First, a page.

template <int n, template<int> class F>
class MyClassWithMetafunction { ... };

This means that MyClassWithMetafunction receives an int (n) and a class (F) that receives an int. No more. Here it is the remaining code:

// metafunction as "template parameter"
template <int n, template<int> class F>
struct Accumulate
{
	enum { RET = Accumulate::RET + F::RET };
};

template <template<int> class F>
struct Accumulate<0, F>
{
	enum { RET = F::RET };
};

Accumulate<0,F> is the usual base case that stops the recursion. At each step, Accumulate sums the result of the metafunction applied to the current n and goes on with the recursion. Wake up the functional programmer in you, he’ll understand better!

Are you fed up with TMP?! Let me show you the last example and I stop. I promise!

Sometimes we would like to know if a type has a certain function. Generally this is called Interface Checking. This (also) deal with problems I pointed out at the beginning, talking about int and mysterious code that compiles though ints don’t have nested functions (just because these functions were not called)! Suppose we have a class MyClonable that has a Clone() function:

class MyClonable {
public:
	MyClonable* Clone() const { ... }
};

We want to write a metaprogram to verify if a type has this function. To do this, a good idea is to separate the concept of checking by confining it into a separate class.

template <typename T>
class HasClone
{
public:
	HasClone() { void (*p)() = Constraints; }

	static void Constraints()
	{
		T* (T::*test)() const = &T::Clone;
	}

};

template <typename T>
class InterfaceCheck : HasClone<T> {};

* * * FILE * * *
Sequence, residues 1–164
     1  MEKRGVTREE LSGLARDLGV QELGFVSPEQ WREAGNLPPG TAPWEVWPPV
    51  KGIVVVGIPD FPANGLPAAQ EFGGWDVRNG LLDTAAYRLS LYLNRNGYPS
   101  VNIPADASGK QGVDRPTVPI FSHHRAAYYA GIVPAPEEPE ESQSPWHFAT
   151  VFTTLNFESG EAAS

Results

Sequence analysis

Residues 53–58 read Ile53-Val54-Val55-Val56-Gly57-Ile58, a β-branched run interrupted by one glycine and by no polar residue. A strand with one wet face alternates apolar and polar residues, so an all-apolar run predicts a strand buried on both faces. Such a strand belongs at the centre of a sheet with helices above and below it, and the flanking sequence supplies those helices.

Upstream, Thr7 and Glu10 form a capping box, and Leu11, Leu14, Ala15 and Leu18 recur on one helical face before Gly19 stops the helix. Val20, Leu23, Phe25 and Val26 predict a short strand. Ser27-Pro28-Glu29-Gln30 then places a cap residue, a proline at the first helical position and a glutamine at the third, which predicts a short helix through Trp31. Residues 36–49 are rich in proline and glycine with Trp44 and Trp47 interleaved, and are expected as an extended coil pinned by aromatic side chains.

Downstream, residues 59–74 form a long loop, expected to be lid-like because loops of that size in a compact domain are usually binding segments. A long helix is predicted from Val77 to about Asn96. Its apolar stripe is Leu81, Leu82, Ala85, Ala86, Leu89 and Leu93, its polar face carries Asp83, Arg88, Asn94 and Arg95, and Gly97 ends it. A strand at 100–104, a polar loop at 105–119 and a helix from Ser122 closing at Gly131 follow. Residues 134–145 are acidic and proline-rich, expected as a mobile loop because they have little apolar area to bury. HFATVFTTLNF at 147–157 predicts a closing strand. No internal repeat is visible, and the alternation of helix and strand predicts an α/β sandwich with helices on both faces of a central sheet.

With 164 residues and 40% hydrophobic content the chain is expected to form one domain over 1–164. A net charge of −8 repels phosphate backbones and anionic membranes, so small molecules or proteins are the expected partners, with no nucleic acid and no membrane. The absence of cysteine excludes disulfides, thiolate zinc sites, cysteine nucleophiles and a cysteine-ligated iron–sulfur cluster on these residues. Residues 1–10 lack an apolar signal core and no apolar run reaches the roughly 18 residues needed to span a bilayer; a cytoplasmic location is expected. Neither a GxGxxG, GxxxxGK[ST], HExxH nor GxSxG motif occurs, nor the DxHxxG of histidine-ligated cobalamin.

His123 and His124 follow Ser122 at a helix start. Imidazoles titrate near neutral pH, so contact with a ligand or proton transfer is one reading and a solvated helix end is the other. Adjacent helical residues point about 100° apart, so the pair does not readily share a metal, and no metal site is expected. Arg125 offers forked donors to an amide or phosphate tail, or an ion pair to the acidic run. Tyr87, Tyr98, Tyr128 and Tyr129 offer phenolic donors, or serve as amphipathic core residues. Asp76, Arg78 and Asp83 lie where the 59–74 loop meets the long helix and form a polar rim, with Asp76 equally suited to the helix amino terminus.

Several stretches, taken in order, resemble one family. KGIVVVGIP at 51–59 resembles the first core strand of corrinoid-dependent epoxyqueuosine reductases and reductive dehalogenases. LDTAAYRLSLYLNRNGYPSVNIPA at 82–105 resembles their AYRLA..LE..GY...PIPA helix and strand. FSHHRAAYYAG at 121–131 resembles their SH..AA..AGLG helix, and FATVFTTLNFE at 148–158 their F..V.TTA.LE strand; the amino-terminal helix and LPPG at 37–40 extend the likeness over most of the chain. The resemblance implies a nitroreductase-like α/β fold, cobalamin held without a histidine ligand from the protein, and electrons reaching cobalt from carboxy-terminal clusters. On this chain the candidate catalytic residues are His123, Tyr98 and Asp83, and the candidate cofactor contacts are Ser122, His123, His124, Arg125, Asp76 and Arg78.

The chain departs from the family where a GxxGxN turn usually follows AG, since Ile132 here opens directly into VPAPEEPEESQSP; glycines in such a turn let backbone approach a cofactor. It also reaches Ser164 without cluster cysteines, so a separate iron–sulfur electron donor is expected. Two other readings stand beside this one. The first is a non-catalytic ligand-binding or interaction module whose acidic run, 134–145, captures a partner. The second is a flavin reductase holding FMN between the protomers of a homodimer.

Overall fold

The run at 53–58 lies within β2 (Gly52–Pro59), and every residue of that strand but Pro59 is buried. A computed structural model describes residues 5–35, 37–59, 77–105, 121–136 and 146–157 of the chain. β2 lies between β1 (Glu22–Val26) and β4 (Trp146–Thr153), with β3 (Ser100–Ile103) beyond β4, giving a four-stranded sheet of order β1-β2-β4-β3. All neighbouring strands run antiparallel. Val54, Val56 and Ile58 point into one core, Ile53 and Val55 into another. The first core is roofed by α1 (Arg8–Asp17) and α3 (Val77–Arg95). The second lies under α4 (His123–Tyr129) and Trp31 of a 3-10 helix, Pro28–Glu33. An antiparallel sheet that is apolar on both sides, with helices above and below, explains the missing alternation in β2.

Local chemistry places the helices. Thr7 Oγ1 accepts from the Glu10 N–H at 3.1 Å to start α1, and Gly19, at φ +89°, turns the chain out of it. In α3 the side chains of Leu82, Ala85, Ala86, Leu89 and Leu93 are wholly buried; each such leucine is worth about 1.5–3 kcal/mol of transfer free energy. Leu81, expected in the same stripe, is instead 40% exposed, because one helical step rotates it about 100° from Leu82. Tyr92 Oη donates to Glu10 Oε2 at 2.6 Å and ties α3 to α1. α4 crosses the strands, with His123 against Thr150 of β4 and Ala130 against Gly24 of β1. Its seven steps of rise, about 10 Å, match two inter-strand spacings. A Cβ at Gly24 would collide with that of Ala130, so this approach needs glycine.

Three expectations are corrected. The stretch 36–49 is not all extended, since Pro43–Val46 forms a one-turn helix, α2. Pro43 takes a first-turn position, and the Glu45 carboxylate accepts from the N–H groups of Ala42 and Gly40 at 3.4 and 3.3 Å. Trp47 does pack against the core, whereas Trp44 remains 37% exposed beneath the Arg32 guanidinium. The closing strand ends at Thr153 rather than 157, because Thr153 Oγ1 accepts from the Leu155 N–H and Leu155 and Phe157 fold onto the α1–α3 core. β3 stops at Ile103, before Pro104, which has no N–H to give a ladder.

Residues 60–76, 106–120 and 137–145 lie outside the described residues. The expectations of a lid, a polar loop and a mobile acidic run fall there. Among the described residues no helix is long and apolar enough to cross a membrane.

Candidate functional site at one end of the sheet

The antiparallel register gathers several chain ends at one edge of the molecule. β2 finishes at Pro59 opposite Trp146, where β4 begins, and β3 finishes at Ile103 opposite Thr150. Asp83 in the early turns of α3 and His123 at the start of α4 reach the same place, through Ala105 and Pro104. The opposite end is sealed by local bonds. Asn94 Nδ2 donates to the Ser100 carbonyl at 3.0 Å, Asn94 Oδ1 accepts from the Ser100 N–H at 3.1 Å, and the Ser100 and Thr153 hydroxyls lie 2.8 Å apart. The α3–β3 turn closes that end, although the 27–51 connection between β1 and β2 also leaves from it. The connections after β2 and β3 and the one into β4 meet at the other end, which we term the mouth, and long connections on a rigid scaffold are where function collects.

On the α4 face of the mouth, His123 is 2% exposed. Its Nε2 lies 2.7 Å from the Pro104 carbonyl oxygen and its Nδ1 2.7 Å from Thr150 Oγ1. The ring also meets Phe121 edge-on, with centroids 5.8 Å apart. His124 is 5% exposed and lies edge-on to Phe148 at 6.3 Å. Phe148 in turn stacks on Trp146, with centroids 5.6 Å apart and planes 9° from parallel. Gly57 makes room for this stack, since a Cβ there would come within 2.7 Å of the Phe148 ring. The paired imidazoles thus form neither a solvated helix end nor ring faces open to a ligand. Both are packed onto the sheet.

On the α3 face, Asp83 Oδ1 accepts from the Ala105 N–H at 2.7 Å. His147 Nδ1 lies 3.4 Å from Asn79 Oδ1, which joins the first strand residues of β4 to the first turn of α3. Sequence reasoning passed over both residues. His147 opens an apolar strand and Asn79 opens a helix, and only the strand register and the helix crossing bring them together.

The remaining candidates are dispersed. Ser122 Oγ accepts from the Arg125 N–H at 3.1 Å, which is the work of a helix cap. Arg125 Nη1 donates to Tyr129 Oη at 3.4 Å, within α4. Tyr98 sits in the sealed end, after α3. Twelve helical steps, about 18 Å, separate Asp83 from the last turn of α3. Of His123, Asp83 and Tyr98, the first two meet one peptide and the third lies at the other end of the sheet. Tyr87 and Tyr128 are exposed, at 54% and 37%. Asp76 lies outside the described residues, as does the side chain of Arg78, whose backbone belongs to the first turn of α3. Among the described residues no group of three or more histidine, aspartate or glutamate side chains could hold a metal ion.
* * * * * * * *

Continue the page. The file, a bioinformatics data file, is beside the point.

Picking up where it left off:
InterfaceCheck<MyClonable> c; // if MyClonable didn't have Clone then this would be a compilation error

First thing to undestand: we use a “base” class (HasClone<T>) to encapsulate the checking, when we construct the base class we execute its constructor that declares a pointer to the Constraints function. Setting up this little inheritance is also convenient to force the compiler to always instantiate HasClone<T> and then check the “constraints” it brings along.

Constraints does the trick (still at compile-time): it declares a pointer to the Clone member function of the template parameter (T), but if this function does not exist, all the evil spirits wil jump out to catch you because you’ll have a compilation error. Don’t get confused with all those pointer definitions, the code is easier than you think!

I hope this post can be useful to intrigue you about metaprogramming. I heartly recommend you to write your codes, starting with simple examples (the factorial is a good start). Then you can read one of the books I mentioned before. And don’t forget to wake up the functional programmer in you!